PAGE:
Many companies take they view that as long as they have an antivirus package installed on their computers, they’ll be fully protected from cyber attacks. After all, many antivirus packages offer a wide range types of protection, and are sold as a “one stop” solution, but is that the case? Very often not.
What is the point of antivirus products?
Computer viruses first appeared in the 1980s and were quite simple. Initially, written as a way of demonstrating the author’s skill, they were a type of computer program which could copy it’s self into other computer programs (like a biological virus); they were annoying, but mostly harmless. Unfortunately, that soon changed.
As soon as viruses were created which could cause damage to computer systems, an “arms war” was created between the virus writers on one side, and the antivirus and computer companies on the other. In the mid 1990s, Microsoft changed how it’s Windows operating system (OS) worked and this largely put an end to the traditional computer virus. However, the virus writers soon created new types of malicious software (malware) although the term “virus” stuck.
Today, modern antivirus products protect against a wide range of malicious software types and attacks but they still have the same function as traditional antivirus software. Namely to detect malware and remove it from infected files.
What issues are there with antivirus products?
Antivirus products are often not fully understood by companies which run them. This means that they are not properly used or provide a different level of protection that they are believed to. These are:
Viruses are just one type of attack
The most common mistake is not understanding that antivirus and malware are just one type of attack which organisations face. There is a constant battle between attackers and antivirus companies which means that the types of attacks are constantly evolving. This means that, increasingly, attacks are not traditional viruses so traditional antivirus products offer little or no protection against them.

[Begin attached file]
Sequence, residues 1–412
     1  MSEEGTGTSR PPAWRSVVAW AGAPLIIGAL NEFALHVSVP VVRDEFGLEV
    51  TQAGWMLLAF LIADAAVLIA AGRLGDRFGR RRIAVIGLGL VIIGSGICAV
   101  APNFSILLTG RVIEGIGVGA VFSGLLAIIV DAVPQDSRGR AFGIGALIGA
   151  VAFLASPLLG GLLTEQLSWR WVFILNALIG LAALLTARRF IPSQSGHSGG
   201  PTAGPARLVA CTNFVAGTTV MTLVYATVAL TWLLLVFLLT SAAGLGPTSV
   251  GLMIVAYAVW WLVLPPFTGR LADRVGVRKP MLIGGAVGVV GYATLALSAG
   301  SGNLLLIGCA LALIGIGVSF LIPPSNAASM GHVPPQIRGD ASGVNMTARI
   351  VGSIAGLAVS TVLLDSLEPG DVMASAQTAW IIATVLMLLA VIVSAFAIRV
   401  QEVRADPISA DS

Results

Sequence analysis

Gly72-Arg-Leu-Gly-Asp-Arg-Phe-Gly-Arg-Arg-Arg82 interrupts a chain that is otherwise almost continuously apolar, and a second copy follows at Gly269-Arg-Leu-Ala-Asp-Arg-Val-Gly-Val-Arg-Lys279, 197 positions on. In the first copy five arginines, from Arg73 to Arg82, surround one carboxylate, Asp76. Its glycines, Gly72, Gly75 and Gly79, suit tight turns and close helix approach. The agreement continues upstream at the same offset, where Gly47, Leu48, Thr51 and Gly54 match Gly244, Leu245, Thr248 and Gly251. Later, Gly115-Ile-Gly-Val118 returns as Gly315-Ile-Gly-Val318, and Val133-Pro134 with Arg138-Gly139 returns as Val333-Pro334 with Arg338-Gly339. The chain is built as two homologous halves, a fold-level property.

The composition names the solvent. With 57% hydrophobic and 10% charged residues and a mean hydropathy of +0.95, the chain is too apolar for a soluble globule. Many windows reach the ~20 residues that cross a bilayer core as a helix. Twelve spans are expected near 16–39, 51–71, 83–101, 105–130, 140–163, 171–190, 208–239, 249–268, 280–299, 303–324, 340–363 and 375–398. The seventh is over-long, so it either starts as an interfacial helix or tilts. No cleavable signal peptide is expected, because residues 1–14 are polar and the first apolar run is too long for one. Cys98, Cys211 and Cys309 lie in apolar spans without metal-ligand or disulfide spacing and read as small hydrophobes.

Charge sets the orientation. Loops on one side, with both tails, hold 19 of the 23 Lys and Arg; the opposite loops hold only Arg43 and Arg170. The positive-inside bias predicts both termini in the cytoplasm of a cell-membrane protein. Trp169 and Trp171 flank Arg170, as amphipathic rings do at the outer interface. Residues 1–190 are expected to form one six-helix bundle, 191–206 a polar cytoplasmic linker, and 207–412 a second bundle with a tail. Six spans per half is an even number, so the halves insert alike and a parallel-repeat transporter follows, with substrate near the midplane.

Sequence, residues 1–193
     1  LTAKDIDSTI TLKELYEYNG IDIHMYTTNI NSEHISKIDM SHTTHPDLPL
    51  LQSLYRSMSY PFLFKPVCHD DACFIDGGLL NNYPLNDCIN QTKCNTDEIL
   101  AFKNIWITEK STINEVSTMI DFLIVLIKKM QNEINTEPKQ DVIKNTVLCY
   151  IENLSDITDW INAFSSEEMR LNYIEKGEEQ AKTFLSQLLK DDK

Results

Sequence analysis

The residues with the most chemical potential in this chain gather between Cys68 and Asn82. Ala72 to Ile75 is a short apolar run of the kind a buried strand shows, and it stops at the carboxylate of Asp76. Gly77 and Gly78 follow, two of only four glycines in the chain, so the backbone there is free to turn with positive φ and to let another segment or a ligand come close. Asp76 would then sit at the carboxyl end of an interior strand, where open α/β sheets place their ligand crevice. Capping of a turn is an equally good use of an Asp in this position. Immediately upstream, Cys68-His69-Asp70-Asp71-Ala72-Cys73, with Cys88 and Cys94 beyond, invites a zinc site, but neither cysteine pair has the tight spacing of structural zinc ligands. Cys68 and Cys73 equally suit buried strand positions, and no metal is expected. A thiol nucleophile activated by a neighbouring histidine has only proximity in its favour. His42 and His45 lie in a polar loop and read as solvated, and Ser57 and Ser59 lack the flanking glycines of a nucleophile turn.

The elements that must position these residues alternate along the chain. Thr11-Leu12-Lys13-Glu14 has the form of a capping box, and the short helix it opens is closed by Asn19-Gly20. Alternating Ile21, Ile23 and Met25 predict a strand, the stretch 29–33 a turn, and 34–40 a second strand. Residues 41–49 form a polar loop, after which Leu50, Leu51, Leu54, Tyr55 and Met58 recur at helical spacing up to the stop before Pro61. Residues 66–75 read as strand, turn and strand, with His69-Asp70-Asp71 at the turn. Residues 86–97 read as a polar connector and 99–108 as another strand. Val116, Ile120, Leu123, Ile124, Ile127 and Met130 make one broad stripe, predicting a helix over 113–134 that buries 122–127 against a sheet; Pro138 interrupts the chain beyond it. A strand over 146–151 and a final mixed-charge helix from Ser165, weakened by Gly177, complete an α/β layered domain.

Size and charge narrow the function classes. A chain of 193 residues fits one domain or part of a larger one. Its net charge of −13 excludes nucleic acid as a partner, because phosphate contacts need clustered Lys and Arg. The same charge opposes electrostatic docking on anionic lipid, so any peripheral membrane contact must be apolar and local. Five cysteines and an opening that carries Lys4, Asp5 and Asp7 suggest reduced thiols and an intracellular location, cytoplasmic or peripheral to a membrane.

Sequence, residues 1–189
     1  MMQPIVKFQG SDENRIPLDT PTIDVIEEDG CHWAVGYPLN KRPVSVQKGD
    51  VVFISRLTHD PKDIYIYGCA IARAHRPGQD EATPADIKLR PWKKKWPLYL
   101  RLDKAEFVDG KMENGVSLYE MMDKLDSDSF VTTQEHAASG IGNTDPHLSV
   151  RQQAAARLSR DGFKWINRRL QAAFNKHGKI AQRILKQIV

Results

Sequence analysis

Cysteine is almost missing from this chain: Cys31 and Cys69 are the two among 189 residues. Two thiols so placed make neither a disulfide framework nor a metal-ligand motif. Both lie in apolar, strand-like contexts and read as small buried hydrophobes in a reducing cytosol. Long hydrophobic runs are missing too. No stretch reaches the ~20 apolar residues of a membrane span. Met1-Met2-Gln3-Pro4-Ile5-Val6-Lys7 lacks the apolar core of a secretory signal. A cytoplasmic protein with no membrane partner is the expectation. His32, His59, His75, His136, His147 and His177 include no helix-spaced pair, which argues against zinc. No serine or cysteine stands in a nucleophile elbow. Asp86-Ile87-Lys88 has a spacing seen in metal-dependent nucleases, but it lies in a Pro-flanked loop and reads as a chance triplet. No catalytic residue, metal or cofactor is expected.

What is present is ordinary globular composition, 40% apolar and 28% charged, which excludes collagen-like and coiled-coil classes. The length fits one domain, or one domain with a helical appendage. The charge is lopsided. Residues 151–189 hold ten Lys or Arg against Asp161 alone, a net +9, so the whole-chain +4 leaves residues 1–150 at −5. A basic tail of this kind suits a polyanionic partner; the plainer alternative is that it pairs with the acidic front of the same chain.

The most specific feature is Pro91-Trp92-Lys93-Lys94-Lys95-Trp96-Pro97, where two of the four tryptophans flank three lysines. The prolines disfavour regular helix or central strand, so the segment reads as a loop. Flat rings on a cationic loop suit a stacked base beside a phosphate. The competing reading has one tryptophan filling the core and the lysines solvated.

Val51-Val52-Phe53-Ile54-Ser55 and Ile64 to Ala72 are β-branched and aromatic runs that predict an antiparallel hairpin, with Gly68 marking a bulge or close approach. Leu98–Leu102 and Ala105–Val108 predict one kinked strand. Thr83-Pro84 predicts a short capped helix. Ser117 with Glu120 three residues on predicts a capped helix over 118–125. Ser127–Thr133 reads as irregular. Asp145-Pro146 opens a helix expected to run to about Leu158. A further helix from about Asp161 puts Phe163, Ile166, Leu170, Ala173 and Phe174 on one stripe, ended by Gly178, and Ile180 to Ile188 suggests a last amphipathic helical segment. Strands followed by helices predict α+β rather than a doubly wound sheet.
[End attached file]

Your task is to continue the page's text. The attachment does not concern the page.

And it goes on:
There are many types of antivirus product
Antivirus products are most commonly deployed on PCs and laptops to protect files from viruses (known as endpoint protection) but this is just one type of antivirus product. Viruses and malware can spread via other routes such as file servers, email servers and collaboration and document management servers (such as SharePoint) and mobile devices (such as mobile phones and tablets). Unless these points are protected, viruses and malware can infect data on these locations resulting in data loss, reoccurring infections and disruption to your staff and clients.
They are reactive, not preventative
Most antivirus and anti-malware products installed on workstations (such as desktops and PCs – known as endpoints) or servers are reactive. This means that they can only identify an infection once it has happened. However, when a file has been infected, this means that the malware has entered your network and could have infected other files on other machines as well. To make matters worse, not all antivirus products are able to remove infections from files, meaning that valuable data can be lost.
As malware becomes more complex, many antivirus products struggle
According to Watchguard Technologies, a company which specialises in IT security, antivirus solutions are increasingly having trouble identifying malware attacks. Their researched showed that in Q4 2016, legacy AV missed 38% of malware.
There are a few reasons for this trend, but the two main factors are that malware authors are increasingly using advanced techniques to evade traditional antivirus products and that attacks are now more automated than before. This means that attacks are sufficiently different each time for antivirus programs not to recognise them and that they indiscriminately attack more victims than ever before, overwhelming antivirus companies’ security staff.
What is the solution?
Antivirus products are a key part of any security solution, but they are only a single part and not a total solution in themselves. A security strategy for organisations of all sizes should, as a minimum, include:
- Antivirus software on endpoints and servers.
- A Unified Threat Management firewall.
- A reliable and regularly tested backup solution.
- A full inventory of which systems you use.
- A patching strategy to make sure that all systems are kept up to date.
- Robust HR policies to cover acceptable use of IT systems by staff.
- Regular staff security training.
IT security isn’t hard or expensive, but it does need careful thought. If you need help, IXCG offers a number of solutions and fully managed services to allow you to focus on running your business, without having to worry about security.